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Preventing motor failures

Lisa Peake, Editor


Tags: News

When electric motors fail, they bring critical assets to a halt. Yet predicting such problems before they occur is notoriously challenging. Michael Herring, Channel and Platform Development Manager at SKF Electric Motor Condition Monitoring, explains why a comprehensive electrical testing strategy should be part of any organisation’s maintenance processes.

Condition-based maintenance is now widely accepted as a route to improved reliability and lower total lifecycle costs for critical assets. By monitoring the performance of equipment for the early warning signs of potential problems, companies can reduce planned and unplanned downtime, increase plant availability and cut maintenance labour and component replacement costs.

Many companies have built their condition-based maintenance strategies around tools and techniques that identify mechanical problems. Vibration analysis can spot issues with failing bearings or poor shaft alignment in machinery, for example. Oil analysis is useful to identify contamination in lubrication systems, or to spot the telltale signs of excessive wear.

Some of these problems afflict motors too. Vibration analysis can identify 70 to 75 per cent of the issues that can eventually cause motor failure, including problems with bearings, unbalanced loads and shaft misalignment. To identify the remaining 25 to 30 per cent of potential problems, however, teams must make use of electrical testing techniques. These tests fall into two broad categories: static tests, conducted on a motor when it is not running, and dynamic tests, conducted on the motor in service.

Static testing uses industry accepted standards to identify insulation weaknesses within the motor windings. A sequence of tests is conducted to measure the winding resistance (motor circuit), insulation resistance (insulation to ground) and turn-to-turn insulation.  Two of these tests are performed at higher voltage levels to ensure the dielectric strength of the insulation can withstand the switching surges that motors typically see on start-up and shut down. Approximately 80 percent of the electrical failures in motors begin with a failure in the thin insulation around individual wires in the motor coils. As this insulation degrades, the inrush of voltage during motor starting can cause arcing, further degrading the insulation and creating a conductive carbon path that will eventually lead to a short circuit and eventual failure. A special test known as a surge test is used to detect weak turn-to-turn insulation before a short occurs, giving the team time to plan when to replace the motor – thus avoiding loss of production.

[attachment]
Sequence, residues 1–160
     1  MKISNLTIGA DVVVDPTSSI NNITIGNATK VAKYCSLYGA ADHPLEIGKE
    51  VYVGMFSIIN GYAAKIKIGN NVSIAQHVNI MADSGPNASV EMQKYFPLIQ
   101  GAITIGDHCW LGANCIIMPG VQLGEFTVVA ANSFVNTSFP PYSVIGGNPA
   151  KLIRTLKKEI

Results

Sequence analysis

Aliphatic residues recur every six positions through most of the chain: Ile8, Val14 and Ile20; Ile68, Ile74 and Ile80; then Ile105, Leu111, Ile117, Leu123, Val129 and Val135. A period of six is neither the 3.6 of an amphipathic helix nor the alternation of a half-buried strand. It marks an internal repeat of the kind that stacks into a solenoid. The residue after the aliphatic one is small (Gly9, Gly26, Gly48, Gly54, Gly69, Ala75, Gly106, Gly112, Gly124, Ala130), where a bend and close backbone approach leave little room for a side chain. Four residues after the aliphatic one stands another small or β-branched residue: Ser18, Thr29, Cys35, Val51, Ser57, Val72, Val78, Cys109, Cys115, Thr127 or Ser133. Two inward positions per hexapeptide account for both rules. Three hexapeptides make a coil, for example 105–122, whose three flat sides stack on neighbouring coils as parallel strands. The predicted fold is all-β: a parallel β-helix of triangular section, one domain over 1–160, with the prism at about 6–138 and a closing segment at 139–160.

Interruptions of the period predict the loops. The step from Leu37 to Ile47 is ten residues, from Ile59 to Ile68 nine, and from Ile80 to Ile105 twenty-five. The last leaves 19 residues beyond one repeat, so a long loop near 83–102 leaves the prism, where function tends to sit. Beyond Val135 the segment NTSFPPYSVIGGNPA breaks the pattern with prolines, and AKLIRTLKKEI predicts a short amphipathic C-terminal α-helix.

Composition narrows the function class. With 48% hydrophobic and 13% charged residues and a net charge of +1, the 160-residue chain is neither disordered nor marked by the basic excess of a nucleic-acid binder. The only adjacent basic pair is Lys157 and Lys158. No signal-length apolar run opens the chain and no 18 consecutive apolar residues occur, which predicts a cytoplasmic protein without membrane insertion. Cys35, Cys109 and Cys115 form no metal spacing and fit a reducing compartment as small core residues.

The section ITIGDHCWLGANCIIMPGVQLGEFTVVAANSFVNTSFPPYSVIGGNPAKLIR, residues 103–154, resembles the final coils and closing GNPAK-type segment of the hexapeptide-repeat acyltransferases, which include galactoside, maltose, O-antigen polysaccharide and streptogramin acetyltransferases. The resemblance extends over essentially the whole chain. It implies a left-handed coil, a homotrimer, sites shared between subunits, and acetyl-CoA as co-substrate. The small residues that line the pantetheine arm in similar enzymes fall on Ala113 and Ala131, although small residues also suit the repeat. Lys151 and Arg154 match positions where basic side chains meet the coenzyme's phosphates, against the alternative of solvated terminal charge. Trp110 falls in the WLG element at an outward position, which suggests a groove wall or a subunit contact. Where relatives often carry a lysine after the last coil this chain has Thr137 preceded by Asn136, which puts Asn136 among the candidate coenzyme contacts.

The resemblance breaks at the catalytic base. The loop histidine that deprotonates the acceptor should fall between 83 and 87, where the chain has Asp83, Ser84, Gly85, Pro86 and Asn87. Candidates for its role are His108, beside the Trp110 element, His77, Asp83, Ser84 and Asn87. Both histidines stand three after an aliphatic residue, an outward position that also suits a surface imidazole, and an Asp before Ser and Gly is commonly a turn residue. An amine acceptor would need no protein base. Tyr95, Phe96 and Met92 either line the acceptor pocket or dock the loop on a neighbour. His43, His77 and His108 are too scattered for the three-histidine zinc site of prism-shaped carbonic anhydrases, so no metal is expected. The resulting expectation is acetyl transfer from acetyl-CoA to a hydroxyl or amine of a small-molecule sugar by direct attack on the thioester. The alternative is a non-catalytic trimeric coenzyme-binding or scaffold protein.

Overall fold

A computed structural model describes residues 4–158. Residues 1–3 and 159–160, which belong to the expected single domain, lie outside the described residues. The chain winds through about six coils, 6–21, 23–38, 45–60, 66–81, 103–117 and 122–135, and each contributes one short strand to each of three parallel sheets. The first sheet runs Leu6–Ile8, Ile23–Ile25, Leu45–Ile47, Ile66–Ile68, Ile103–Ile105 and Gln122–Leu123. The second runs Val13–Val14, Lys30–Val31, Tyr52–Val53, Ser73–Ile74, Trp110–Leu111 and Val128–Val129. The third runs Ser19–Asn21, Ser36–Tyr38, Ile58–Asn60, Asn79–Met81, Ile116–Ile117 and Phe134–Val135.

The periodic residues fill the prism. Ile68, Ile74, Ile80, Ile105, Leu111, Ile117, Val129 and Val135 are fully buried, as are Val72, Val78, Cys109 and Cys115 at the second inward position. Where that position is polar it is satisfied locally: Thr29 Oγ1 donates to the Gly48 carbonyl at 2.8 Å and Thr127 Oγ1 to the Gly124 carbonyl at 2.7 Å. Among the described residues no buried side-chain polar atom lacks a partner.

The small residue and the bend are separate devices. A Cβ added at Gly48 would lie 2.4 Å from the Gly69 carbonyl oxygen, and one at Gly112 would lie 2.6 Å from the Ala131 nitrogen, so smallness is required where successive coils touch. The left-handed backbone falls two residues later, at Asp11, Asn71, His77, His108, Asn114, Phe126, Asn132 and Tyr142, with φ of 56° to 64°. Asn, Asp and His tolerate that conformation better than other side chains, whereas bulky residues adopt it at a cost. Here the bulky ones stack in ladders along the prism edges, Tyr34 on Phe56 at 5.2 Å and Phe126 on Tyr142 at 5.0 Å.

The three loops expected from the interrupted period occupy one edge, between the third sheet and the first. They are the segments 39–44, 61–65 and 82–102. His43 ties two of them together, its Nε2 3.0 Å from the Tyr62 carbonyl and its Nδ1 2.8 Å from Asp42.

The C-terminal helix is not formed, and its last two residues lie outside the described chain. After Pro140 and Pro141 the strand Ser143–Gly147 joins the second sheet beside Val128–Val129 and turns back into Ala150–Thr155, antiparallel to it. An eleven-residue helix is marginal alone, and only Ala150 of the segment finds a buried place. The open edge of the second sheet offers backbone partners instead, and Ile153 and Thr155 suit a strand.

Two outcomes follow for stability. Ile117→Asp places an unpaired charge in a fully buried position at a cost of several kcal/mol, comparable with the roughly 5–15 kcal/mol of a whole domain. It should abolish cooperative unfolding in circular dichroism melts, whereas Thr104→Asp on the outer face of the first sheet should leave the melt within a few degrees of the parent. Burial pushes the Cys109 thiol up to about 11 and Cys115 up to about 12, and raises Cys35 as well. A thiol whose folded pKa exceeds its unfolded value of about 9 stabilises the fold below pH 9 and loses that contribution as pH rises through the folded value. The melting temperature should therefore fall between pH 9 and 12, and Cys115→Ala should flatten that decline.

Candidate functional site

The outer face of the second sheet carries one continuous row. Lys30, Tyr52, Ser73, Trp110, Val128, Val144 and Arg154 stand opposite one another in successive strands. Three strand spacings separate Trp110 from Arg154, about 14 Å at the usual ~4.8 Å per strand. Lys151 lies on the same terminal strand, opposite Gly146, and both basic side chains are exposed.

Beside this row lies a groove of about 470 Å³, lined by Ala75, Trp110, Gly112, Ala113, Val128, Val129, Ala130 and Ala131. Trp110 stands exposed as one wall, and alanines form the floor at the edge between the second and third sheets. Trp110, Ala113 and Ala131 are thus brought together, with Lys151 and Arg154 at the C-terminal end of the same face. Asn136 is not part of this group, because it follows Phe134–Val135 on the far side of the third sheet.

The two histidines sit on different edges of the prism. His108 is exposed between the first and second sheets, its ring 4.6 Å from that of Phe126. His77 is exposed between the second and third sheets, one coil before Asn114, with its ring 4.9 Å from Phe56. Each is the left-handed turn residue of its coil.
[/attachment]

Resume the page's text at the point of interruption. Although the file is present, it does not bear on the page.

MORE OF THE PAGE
The tests may seem simple, but they can have a huge effect on productivity and maintenance. One pulp and paper company has a plant with 800 motors – aiming to test each one twice a year. It began using SKF Baker AWA-IV testers to perform these tests, which helped it to cut its annual motor costs by nearly one-third. Among the many problems it found – and solved – were blown holes in the insulating boots that covered cable lugs, cables partially shorted to ground in motor control equipment and developing turn-to-turn shorts in stator coils.

By its nature, static testing requires motors to be taken out of service for approximately twenty minutes, and even a six month test frequency leaves plenty of time for problems to establish themselves. Dynamic motor test equipment, by contrast, collects voltage and current information from the motor during normal operation and uses a set of algorithms to assess the quality of the power supplied, certain issues within the motor such as rotor bar condition, and a host of mechanical issues with the load. This equipment can also provide torque information, both in real time and as a spectrum across a pre-determined frequency range. This provides a wealth of information, as well as helping to distinguish a mechanical problem in the wider machine from an electrical problem in the motor.

The payoff from the effective use of dynamic test equipment can be dramatic. Technicians at a US coal-fired power plant used an SKF Baker EXP4000 test unit to investigate why one of three submerged water pumps was requesting less input power and – as a result – running faster. They used the device to capture the torque signature of all three pump motors, giving a snapshot of the load demands of each one. The pump of interest had a torque level of around 75 per cent that of a healthy pump, but the torque was also fluctuating severely. It was examined by a diver – who discovered that the end bell had fallen off, causing the problem. The company estimates that identifying the problem – and repairing the pump – prevented losses of almost £2.5 million (around $3.5 million), which would have otherwise have resulted from falling output.

While dynamic testing is most often performed using portable test units, there is an increasing trend towards permanently installed online motor analysers such as SKF’s NetEP, which monitor multiple motors on a continuous basis.

These systems allow data to be accessed centrally, at any time, which helps technicians and managers make better decisions – and much more quickly. As an added bonus, these types of online dynamic analyser can improve safety, by removing the need for technicians to visit hazardous areas. Alerts can flag up the need to investigate or replace a critical motor, while trend data from months of monitoring can help to prioritise maintenance planning.

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